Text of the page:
The Government argued the Wing Security Forces’ destruction of those documents was done as a regular course of business. The records custodian, technical Sgt. Hutchinson, asserted that if passes for personnel “were no longer required, expired, or that the business relationship is terminated, pass-related documents would have been destroyed during the annual review in January 2019.”
In its sanctions motion, Sungjee also asked the ASBCA for an adverse inference against the Air Force. An adverse inference is a legal inference made from the party’s silence or the absence of requested evidence. For example, as a sanction for spoliation of evidence, the ASBCA could draw an inference that the evidence contained in the destroyed documents would have been unfavorable towards the Air Force. In this case, “namely that the board find that the documents that no longer exist would have supported appellant’s position that the government did not issue the passes that were needed by appellant to timely complete the work on the project.” The Air Force responded to this request by stating that a dispositive adverse inference required a finding of bad faith.
ASBCA listed three elements necessary for proving spoliation: “(1) the party having control over the evidence had an obligation to preserve it when it was destroyed or altered; (2) the destruction or loss was accompanied by a “culpable state of mind;” and (3) the evidence that was destroyed or altered was relevant to the claims or defenses of the party that sought the discovery of the evidence, to the extent that a reasonable factfinder could conclude that the evidence would have supported the claims or defenses of the party that sought it.”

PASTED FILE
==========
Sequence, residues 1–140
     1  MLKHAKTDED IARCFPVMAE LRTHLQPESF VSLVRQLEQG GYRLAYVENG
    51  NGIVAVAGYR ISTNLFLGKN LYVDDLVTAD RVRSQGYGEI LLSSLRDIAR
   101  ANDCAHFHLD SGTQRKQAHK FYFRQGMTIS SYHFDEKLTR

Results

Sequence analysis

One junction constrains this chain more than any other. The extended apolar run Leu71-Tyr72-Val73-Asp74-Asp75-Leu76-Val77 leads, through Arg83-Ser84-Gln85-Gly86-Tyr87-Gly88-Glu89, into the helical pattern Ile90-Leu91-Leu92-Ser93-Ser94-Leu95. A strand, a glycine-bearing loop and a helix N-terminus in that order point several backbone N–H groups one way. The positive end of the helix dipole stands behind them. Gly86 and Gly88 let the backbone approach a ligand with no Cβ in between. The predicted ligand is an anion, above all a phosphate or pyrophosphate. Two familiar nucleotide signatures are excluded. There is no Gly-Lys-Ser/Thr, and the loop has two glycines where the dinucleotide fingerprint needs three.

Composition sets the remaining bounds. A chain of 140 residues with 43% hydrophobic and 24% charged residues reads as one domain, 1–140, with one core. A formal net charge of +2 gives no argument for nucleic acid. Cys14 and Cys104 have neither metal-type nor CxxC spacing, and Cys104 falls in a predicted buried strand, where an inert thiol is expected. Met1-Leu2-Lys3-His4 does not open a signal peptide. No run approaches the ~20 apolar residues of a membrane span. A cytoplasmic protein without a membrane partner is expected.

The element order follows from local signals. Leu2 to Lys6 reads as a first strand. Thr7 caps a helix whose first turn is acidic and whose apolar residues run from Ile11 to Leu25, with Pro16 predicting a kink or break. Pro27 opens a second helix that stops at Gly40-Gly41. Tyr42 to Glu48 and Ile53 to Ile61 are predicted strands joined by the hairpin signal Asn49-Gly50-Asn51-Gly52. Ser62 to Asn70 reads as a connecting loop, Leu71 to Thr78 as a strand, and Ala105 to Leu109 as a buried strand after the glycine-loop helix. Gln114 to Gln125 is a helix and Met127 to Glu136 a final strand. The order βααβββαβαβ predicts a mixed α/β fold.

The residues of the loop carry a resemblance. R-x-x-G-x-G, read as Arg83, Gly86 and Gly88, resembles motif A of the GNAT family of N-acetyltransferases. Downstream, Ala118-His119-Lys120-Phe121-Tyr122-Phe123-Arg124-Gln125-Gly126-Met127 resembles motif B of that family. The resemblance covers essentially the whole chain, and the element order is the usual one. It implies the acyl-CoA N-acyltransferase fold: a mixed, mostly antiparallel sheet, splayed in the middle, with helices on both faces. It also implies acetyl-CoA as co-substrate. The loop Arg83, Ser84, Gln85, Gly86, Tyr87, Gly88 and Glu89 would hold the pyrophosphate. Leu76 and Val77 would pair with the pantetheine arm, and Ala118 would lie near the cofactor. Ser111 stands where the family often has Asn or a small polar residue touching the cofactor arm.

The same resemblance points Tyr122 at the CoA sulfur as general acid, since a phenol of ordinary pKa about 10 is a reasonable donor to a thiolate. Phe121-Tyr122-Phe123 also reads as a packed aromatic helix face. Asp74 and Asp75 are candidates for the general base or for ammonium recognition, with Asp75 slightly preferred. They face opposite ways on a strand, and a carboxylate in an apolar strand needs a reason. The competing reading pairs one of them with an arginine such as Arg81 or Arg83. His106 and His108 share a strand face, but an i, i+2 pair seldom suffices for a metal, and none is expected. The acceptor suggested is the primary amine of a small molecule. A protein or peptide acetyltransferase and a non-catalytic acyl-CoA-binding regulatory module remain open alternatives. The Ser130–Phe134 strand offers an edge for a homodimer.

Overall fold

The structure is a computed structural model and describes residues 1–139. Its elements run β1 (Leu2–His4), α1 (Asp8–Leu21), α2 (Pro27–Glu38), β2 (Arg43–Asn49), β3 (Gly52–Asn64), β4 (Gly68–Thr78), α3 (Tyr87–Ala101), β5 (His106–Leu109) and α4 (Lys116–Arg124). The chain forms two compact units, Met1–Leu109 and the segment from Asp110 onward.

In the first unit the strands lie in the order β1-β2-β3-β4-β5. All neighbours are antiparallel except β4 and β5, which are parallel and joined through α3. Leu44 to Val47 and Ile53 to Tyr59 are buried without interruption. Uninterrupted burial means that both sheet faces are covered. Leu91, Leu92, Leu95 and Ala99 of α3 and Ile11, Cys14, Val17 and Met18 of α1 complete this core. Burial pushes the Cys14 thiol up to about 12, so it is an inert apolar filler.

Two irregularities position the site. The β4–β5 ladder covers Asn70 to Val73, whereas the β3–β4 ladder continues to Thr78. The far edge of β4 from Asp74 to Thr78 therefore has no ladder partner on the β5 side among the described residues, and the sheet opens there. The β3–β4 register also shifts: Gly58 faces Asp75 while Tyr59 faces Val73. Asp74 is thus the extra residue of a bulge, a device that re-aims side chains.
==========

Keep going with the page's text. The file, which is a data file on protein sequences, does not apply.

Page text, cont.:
The ASBCA Administrative Law Judge (ALJ) further commented the third element “is often cast in terms of prejudice,” and it “must be shown that the requesting party was prejudiced by the loss of evidence.” Relating to the issue of a dispositive sanction, the ASBCA agreed with the Air Force that this required a showing of bad faith:
To make a determination of bad faith, the court must find that the spoliation party intentionally destroyed documents that it knew would be important or useful to its opponent, and the fundamental element of bad faith spoliation is “advantage-seeking behavior by the party with superior access to information necessary for the proper administration of justice.”
The ASBCA concluded the pass-related documents Sungjee sought in relation to its appeal were destroyed under the current document retention policy of the Wing Security Forces office in January 2019. It further found the longer retention policies Sungjee cited did not apply to those pass-related documents. The ASBCA did not find that a Notice of Termination for Default was sufficient to trigger the agency's expectation of foreseeable litigation. Furthermore, the ASBCA retorted Sungjee did not identify or establish, in its first or second sanction motion, how the Government’s destruction of pass-related documents violated either standard.
If a company or contractor is anticipating appealing a contracting officer’s final decision, it would be wise to send out a “preservation of evidence” notice as soon as possible. When Sungjee’s original contract was terminated due to default, Sungjee should have sent out a “preservation of evidence” notice to the Air Force. This notice would have requested that certain documents, ESI and data be preserved in anticipation of future litigation. Since Sungjee did not send out this notice, any evidence destroyed as a result of standard operating procedures before the original bid protest could not be considered spoliated.